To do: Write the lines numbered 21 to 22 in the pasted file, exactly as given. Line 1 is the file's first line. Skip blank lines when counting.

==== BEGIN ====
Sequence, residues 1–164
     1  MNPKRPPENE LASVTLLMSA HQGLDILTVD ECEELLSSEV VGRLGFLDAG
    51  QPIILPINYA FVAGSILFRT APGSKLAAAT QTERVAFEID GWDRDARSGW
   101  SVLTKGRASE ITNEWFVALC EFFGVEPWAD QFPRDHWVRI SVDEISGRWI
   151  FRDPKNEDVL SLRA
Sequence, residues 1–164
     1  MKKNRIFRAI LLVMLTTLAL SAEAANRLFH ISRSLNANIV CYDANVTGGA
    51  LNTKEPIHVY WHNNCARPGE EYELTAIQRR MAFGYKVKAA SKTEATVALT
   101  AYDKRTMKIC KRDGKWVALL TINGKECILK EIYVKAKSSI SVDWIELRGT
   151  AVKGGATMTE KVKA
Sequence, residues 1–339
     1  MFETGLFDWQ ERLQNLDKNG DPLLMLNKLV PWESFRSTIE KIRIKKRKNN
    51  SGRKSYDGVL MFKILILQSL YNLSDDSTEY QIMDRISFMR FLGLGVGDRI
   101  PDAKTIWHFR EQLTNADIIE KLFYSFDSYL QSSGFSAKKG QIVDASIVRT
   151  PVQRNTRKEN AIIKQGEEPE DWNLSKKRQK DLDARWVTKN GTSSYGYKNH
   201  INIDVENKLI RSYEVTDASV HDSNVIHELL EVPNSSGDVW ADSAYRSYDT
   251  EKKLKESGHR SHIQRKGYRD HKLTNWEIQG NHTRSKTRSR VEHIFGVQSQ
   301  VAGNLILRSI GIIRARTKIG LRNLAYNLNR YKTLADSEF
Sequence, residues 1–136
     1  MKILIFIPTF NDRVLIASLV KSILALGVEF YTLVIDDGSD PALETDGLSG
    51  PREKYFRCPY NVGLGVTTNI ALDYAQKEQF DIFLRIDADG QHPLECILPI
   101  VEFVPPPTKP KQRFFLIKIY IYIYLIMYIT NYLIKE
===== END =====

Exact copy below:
    51  PREKYFRCPY NVGLGVTTNI ALDYAQKEQF DIFLRIDADG QHPLECILPI
   101  VEFVPPPTKP KQRFFLIKIY IYIYLIMYIT NYLIKE